no life without the spirit of it; no teaching without the light of it: that the wisdom of nature can never shéw us the will of God; and the works of nature never render us acceptable to Him: that if laws are written in the heart, they are God's laws, transferred to the heart, according to his promise, by the power of his Grace. If this be your religion, we may then truly say that you are a Churchman; and every good man will allow it. But if you take the outside of Christianity, Christianity will never be more than the outside of you: your religion will be a form, and you yourself will be a lifeless Christian. On this subject, no rule is so worthy to be remembered, as that short and plain rule of the Apostle: he is a Jew, which is one inwardly* For all the gifts of God's religion are inward: nothing but signs are outward; and if the Churchman is an outward Christian, he is nothing but the sign of a Christian ; with no more true life in him, than the sign of a man's head, which is painted on a board': and how bright and glaring soever the colours may be, it is but a board at last.

I do not say these things with design to reflect upon any person in particular : my design is to stir up the minds of you all by way of remembrance, and prevent a fatal security, of which there is too much in all places. Many are prevailed upon to leave the Church, and frequent other assemblies, because there is nothing but forın amongst us: and whoever he may be, that contributes to the truth of the accusation, he is partaker in other men's sins; he is answerable for the ill use that is made of the fact, to intice people from the sober and edifying worship of the Church. Be in earnest then in your profession: be sincere, and alive,

# Rom ii. 29

as you ought to be, and you will disarm them: perhaps you may convert them from the error of their ways : but if not, you will secure yourself: the Church of God will be to you what he intended it should be to all; and the promises made to it will be made to you.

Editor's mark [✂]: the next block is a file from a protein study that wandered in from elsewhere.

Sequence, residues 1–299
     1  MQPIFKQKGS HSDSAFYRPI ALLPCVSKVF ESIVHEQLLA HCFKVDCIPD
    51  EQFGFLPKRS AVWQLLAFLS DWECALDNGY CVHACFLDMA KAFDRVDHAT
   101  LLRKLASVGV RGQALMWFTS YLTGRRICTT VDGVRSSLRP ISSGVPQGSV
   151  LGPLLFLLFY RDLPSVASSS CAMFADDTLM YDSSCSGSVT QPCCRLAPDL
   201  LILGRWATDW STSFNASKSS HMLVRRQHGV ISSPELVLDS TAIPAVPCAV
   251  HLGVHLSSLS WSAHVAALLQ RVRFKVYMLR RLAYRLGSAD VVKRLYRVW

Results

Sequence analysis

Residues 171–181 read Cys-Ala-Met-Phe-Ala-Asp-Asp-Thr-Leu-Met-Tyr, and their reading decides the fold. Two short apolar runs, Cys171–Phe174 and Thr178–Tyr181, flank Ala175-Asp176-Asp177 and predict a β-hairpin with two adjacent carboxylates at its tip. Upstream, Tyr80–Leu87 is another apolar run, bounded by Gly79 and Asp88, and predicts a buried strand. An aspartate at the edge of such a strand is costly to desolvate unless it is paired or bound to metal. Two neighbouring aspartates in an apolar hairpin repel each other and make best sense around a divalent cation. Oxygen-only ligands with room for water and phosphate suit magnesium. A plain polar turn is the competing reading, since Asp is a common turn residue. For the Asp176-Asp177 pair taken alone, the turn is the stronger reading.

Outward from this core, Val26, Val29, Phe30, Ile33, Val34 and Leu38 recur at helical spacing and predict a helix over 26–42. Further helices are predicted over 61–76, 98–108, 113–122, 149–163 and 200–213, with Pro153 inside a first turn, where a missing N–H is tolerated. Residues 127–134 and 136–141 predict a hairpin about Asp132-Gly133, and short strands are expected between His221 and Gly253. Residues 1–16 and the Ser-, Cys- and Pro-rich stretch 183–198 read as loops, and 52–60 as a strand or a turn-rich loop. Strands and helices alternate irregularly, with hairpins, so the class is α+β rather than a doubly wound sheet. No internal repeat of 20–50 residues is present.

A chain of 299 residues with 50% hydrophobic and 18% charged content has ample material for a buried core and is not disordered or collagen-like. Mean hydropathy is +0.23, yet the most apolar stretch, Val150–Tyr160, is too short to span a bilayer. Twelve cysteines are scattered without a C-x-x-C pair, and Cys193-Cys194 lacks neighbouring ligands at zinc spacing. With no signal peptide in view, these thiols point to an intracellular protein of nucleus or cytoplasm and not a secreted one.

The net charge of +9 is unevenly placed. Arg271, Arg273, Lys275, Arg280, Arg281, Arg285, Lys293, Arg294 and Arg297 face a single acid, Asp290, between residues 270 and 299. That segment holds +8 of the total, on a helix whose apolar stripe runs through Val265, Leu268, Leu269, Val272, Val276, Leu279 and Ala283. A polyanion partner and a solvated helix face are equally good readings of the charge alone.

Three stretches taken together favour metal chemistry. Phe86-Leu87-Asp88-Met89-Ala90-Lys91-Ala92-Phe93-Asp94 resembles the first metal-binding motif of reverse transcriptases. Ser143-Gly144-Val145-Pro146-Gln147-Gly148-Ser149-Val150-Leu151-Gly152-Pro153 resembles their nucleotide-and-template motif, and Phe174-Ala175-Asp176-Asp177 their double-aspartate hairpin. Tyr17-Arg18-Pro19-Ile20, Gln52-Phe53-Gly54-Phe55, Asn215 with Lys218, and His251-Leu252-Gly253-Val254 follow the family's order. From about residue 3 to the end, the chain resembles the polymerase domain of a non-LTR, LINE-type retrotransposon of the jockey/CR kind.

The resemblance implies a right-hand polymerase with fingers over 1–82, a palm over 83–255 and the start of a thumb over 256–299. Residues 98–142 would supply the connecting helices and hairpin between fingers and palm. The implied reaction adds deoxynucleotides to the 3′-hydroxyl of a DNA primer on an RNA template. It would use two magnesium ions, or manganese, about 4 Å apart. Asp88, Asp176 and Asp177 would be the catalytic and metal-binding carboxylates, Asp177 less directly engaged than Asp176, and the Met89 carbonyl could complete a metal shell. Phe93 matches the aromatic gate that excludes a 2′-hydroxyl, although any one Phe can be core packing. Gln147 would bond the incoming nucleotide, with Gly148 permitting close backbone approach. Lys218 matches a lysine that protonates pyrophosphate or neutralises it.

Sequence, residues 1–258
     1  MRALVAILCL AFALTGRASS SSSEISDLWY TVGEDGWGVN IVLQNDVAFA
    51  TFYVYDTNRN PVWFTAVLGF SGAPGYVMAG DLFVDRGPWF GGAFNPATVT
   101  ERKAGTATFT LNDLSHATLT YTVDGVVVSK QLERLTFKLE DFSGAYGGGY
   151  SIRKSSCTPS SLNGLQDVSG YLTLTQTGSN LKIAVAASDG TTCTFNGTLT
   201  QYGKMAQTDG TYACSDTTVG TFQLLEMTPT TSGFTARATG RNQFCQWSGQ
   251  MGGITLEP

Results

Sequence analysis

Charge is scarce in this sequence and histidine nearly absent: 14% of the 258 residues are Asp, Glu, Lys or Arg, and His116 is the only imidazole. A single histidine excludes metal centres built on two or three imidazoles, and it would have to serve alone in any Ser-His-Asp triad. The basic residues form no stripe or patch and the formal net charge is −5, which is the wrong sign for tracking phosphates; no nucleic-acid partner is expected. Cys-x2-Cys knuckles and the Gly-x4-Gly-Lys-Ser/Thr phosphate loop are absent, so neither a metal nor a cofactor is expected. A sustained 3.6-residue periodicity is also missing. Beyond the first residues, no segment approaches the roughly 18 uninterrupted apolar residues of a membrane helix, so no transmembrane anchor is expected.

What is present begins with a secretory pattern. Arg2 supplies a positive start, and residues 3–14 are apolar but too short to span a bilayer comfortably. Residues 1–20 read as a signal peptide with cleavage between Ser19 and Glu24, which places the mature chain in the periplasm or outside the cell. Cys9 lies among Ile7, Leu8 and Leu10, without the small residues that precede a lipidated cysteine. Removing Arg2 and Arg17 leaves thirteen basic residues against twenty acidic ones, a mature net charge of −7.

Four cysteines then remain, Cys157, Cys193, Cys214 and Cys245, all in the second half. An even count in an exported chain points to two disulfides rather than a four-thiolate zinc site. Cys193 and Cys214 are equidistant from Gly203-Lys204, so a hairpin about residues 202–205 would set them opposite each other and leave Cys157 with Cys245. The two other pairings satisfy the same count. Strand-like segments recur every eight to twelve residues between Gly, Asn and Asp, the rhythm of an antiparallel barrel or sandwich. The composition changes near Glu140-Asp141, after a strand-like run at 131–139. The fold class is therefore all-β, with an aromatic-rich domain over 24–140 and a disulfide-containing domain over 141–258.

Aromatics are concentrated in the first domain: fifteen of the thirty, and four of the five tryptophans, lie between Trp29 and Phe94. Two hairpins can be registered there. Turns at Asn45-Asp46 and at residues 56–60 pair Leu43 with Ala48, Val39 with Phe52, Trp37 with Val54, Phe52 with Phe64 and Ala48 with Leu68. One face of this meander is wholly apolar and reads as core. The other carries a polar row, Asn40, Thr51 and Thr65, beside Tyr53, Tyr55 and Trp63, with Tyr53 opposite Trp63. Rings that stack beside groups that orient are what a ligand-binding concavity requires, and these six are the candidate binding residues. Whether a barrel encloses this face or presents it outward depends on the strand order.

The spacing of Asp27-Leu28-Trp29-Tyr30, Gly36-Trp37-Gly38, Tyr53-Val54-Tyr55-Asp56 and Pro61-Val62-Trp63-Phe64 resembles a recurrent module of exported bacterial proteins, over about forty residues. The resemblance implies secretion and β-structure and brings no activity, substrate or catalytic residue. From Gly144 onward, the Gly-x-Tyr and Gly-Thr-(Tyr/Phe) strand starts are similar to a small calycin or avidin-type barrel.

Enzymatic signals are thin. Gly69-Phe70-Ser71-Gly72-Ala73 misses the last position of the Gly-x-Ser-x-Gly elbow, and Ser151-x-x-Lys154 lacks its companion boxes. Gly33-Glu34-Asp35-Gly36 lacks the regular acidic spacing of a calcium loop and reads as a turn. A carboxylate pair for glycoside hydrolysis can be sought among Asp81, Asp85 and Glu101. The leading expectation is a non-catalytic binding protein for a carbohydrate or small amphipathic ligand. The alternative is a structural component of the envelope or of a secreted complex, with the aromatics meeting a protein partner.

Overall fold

And now, my friends, having taken courage to speak a little plain truth to Christians of our own sort; reason and duty require, that I should be as plain when I speak of Christians, who are of a different sort, who think they are better than we are. The godliness which we want they profess to have. They know that our ungodliness will not save us in the Church, but they think that their own godliness will save them out of it. How far that may be true or false, is a question which deserves great consideration : and I shall, for your security, answer it as far as I amiable on a plain principle, the application of which will require but few words. I conclude at present with a prayer for both parties : not that you, or I, or they, may distinguish ourselves; for which all mankind are so given to strive; but that God in all things may be glorified through Jesus Christ.

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SERMON XIX.

HEAR THE CHURCH.

MATTH. XVIII. 17.

xvi.

I REMINDED you, in a former discourse, that Christians are betrayed into the two great errors, of living in the Church without godliness; and of professing godliness without living in the Church. In opposition to the former of these, I shewed you, that true godliness is the sense and spirit of all the forms and services of the Church; and that forms and services have no meaning, unless they are so understood and applied. Men may call themselves Churchmen, while they are without the life of the Church : but they are not Churchmen indeed, and will certainly fall short of the benefits of their profession. This case, I think, was made so plain, that no reasonable person could misunderstand it.

That you 'may not fall into the other error, of professing godliness independent of the Church, I am now to shew you what dangers there are on that side; and to do this effectually, I shall lay down a plain and easy doctrine, which none can deny, and which all

may understand. When this is done, we shall be upon firm ground ; and may apply the doctrine as we find occasion,